Penn State Hoops’ Sam Sessoms Bounces Back To Stardom Against Rutgers

Before Penn State men’s basketball hit the court for pregame warm-ups ahead of its matchup with red-hot Rutgers, Sam Sessoms stood alone, honing in on his jump shot and free-throw routine.

The locked-in senior guard posed as the only player on the floor before fans began to fill the Bryce Jordan Center stands, possibly in hopes of avenging his disappointing showing against No. 3 Purdue on Saturday.

Uncharacteristically, the Philadelphia native registered a pair of zeros in points and assists at the hands of the opportunistic Boilermakers. Instead, the isolation specialist earned himself a lengthy stint on Micah Shrewsberry’s bench after committing two costly turnovers in only seven minutes of action.

Sessoms’ recent second-half absence as a result of poor play fueled a 17-point, 7-for-10 shooting clinic at the expense of the Scarlet Knights in the Nittany Lions’ latest conference victory. Despite starting the contest off the bench, Sessoms channeled his first-year head coach’s criticism into consistent spurts of offensive explosiveness.

“I got on him on Saturday,” Shrewsberry said. “It’s hard to take when you’re somebody that’s been counted on, when you’re somebody that scores a lot. When you play [about] nine minutes, there’s two things you can do: you can go in the locker room and be a locker room lawyer…or you can go back and fix it, and you can take ownership. That says a lot about his character, who he is as a person, [and] his resiliency to just bounce back and play.”

Tuesday’s showing didn’t serve as the first time Sessoms avenged a previous game defined by on-court inconsistencies. Last season, the star guard rallied the Nittany Lions into a one-possession battle against a talented Seton Hall squad, but Jim Ferry’s reeling group ultimately fell 98-92 in overtime. The budding point guard struggled behind 2-for-8 shooting down the stretch, including a crucial missed free throw with under a minute remaining.

In response to the crushing defeat, Sessoms thrived off the bench in his next appearance, a date with tournament-bound Virginia Tech. In 24 minutes, he rattled off a modest 10 points but shot nearly 60% from the field in a convincing 75-55 triumph.

Regardless of setbacks, Sessoms’ perseverance and adopted street-ball offensive style have never wavered in the face of criticism. If anything, the feedback has allowed him to reflect on previous miscues and revert back to his commanding presence as an offensive focal point.

“I just knew I had to step it up,” Sessoms said. “The game versus Purdue, I wasn’t on the bench angry because I knew I wasn’t giving my best effort. I was just supporting my teammates on the bench, but I knew next game I had to go out there and play as hard as I can, and that’s what I did. My mentality was to play hard [enough] to win us the game.”

Through nearly a half-season of output, Penn State is a different team when the frontcourt combination of Sessoms and Jalen Pickett both score in double figures. In seven games when the two seniors have rattled off 10 or more points-a-piece, the Nittany Lions hold a solid 5-2 record.

While Sessoms’ increased success rate from beyond the arc has played a role in his heightened scoring production, his ability to attack opposing defenses off the dribble has proven to be his most potent weapon. When the crafty point guard is able to invade the paint through pick-and-roll action, Shrewsberry believes that’s when his team’s offense reaches its most dangerous self.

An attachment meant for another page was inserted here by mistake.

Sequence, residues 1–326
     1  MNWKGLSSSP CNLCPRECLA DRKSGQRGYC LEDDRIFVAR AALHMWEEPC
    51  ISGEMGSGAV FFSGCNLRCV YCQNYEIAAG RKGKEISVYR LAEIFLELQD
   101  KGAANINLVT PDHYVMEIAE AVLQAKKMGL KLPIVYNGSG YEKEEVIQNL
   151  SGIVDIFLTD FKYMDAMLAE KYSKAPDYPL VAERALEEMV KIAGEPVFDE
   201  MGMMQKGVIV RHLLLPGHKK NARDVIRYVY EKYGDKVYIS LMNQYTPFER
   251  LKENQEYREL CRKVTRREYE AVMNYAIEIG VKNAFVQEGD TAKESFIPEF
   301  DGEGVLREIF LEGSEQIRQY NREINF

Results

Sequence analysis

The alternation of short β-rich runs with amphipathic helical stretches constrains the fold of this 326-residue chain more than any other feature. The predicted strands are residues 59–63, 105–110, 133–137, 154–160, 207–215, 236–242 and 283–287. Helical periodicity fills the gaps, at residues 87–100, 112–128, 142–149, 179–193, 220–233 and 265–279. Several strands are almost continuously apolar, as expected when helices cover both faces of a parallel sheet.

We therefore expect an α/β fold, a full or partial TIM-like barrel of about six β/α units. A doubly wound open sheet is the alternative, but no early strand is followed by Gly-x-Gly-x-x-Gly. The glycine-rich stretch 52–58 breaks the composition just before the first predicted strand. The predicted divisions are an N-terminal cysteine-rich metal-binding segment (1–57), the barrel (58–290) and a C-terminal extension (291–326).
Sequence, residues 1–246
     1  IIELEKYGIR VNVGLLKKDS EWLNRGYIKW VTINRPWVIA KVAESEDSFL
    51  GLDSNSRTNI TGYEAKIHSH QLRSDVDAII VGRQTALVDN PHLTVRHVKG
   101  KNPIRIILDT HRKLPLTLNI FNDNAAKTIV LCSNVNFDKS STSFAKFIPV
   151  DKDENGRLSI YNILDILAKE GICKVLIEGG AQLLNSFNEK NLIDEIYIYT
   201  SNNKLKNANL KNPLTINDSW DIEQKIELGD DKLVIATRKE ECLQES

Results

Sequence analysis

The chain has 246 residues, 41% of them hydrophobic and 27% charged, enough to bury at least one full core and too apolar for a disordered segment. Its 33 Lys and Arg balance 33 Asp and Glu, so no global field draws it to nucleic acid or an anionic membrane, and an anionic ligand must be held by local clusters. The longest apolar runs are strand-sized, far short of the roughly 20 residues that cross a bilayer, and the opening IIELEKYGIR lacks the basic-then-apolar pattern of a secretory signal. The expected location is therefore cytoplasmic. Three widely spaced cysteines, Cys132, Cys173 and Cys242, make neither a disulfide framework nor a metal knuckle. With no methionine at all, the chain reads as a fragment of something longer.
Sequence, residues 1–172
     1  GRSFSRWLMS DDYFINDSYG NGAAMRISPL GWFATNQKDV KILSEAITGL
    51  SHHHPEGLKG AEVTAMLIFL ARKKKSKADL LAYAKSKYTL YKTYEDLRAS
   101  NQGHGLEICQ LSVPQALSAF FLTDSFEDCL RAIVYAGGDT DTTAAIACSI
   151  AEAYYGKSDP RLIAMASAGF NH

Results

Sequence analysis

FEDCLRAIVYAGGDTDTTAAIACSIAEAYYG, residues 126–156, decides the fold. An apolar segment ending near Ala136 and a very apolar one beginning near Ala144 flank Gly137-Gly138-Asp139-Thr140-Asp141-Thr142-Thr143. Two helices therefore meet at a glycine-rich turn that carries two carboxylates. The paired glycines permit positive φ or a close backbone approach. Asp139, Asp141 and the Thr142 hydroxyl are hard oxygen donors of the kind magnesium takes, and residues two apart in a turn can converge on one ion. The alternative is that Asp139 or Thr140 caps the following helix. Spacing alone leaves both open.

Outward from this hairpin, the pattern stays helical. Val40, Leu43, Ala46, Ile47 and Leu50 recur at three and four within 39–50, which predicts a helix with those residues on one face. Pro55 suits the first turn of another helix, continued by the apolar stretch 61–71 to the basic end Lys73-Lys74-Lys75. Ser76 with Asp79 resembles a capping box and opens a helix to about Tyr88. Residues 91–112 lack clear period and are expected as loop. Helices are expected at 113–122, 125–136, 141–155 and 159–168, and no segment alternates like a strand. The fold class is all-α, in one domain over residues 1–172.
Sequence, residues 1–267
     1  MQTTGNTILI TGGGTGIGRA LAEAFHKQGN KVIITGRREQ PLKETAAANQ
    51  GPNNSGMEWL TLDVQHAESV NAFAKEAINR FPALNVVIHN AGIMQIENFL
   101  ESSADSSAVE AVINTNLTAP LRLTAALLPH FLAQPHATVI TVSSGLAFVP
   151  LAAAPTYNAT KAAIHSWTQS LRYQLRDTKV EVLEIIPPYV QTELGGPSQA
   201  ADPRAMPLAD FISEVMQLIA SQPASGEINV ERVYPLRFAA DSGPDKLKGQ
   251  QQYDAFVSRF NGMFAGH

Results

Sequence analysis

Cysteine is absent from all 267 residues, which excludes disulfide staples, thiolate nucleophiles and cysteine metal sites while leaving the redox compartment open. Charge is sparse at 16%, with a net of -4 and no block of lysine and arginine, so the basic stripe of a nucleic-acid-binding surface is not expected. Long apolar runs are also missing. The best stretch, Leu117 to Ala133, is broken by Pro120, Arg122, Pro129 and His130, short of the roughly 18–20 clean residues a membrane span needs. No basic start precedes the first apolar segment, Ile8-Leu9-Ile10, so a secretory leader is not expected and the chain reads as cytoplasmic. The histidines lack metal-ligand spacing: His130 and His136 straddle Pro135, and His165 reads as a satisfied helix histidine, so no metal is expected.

“We need him,” Shrewsberry said about Sessoms. “The pressure he puts on the defense, the spacing that our guys try to play with, give him room to drive the basketball. It helps our offense when you can play with [Sessoms and Pickett], multiple guys that can play off pick-and-rolls, the better our offense will be, and tonight, we got to see both of them out there together. Both of them clicked at different times throughout the game.”

Following Penn State’s third conference victory, Sessoms currently sits as the third-leading scorer on Shrewsberry’s team, despite beginning the last five matchups as the sixth man to see the floor. Although the lack of immediate minutes for one of the Nittany Lions’ most productive players may seem puzzling, it serves as a testament to a vital increase in depth cultivated through the opening span of conference play.

With the return of Jevonnie Scott, Shrewsberry extended his rotation to nine-deep versus Rutgers, even without the services of Jaheam Cornwall. The return of a full-strength roster within the teeth of the Big Ten schedule should only improve the Nittany Lions’ chances at a receiving back-door tournament bid, but the group will reach its potential only if each individual plays their own, unique role.

For Sessoms, his job is to continue being the same hard-nosed, gritty scorer and facilitator he’s been throughout his Penn State career. If his future performances look anything similar to the plethora of ways he torched the Scarlet Knights, Shrewsberry may be on his way to ending the program’s 11-year tournament drought in his initial campaign.

“Coach Shrews tells me when I get in [that] he wants me to just attack and look to score first, to find my scoring opportunities, [and] make the right passes,” Sessoms said. “I honestly just came into the game and [was] getting downhill until someone stopped me. If they didn’t, I was going to shoot.”

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About the Author

Connor Krause

Connor Krause is a senior from Pittsburgh, Pennsylvania double majoring in journalism and business. He is a lifelong Penn State football and basketball fan and enjoys rooting for Pittsburgh sports teams. In his free time, Connor can be found playing golf or pick-up basketball. You can follow his Twitter and Instagram @ckrause_31.

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